Trump, meanwhile, was allowed to skate by without adequate media vetting for far too long, particularly over the airwaves. Why jeopardize all those ratings, anyway? They were “damn good for CBS,” as CEO Les Moonves memorably put it.
The conversation about how the press “got it so wrong” has consumed media navel-gazers since November, leading to a range of conclusions and blame-shifting.
But there’s another story that’s been lost: Plenty of journalists who covered the campaign far from the Acela Corridor and the televised rallies ― many of them young and less experienced than the big-name media personalities who rarely leave the Beltway Bubble ― got it right.
While print reporters for major newspapers led the way, young embedded broadcast journalists who did double duty shooting video and writing digital pieces for the national news networks also did plenty of great work, though it often went largely unnoticed.
Plenty of journalists who covered the campaign far from the Acela Corridor and the televised rallies ― many of them young and less experienced than the big-name media personalities who rarely leave the Beltway Bubble ― got it right.
These so-called “embeds” ― most of them still in their twenties — filed dispatches from the trail throughout the campaign that often did a far better job of contextualizing and explaining the environment that led to Trump’s victory than anything that was said on a Sunday Show roundtable. As just one example, take a look at this piece filed by CBS News embed Jackie Alemany from Ohio in September on working class Democrats who were flocking to Trump.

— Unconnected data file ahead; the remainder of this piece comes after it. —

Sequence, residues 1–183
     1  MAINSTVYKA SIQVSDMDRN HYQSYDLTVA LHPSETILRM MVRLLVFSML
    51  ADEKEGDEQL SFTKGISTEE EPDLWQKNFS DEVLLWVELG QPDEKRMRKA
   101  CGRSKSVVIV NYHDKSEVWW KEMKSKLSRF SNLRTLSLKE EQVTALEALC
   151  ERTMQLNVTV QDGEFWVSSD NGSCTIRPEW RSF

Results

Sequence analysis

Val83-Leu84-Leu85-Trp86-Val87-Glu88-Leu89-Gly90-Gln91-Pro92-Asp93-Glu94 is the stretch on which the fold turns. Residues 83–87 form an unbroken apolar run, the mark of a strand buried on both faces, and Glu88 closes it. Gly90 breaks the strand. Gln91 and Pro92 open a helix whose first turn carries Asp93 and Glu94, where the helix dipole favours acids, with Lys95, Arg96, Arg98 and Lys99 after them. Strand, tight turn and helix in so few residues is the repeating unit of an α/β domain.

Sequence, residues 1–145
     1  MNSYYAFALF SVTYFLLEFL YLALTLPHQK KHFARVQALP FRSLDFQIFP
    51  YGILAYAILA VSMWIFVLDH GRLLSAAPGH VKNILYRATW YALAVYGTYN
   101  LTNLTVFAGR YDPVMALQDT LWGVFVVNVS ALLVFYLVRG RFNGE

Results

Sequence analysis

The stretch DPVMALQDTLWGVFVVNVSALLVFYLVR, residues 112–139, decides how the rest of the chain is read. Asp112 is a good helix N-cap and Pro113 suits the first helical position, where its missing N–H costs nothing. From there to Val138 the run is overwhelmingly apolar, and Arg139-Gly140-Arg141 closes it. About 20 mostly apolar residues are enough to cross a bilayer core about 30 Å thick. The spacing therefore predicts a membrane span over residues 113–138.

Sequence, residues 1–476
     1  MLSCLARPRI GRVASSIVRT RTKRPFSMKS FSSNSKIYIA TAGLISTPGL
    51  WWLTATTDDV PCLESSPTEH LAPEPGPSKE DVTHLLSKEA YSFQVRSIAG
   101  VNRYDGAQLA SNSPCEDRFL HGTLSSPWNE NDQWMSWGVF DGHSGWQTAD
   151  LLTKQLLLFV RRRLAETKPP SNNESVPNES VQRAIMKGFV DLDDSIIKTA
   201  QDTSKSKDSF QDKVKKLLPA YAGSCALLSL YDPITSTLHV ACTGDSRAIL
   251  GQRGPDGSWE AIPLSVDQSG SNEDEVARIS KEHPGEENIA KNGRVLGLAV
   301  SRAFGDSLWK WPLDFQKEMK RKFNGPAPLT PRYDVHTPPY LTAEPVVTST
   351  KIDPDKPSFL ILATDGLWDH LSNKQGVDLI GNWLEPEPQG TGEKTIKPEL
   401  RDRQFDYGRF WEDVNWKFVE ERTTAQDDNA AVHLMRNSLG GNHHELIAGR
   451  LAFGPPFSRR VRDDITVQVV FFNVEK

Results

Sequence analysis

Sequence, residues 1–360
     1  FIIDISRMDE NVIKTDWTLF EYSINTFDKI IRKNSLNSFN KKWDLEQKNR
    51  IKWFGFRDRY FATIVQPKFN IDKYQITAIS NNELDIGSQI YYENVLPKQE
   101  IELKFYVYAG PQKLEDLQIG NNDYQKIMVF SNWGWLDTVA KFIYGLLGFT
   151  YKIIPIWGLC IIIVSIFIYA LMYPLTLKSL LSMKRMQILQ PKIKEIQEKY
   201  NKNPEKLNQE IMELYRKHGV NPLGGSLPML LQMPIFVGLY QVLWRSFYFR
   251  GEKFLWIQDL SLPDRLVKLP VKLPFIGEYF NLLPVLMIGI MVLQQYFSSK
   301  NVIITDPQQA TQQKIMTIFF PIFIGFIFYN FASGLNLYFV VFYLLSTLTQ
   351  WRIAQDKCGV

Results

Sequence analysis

For a year-and-a-half leading up to Election Day, they also did the great service of documenting in minute detail every utterance made by every major candidate in a campaign that was stranger than fiction from start to finish.
I was once an embed myself, having worked for CBS News during the 2008 campaign. It sounds quaint in an era of data analysis and smart takes, but it was in that capacity that I came to learn that nothing in political journalism can compete with the insights gleaned from actually being there.
I spent the duration of Sarah Palin’s vice presidential candidacy covering the firebrand governor and her staff from the road, with a seat on the back of her plane. Even as the movement that she came to represent was at the time largely dismissed as a fleeting anti-intellectual phenomenon, my young colleagues and I saw something else: the budding power of grassroots grievance aimed squarely at the newsroom elites. That fury gave rise to the tea party, and ultimately, to Donald Trump.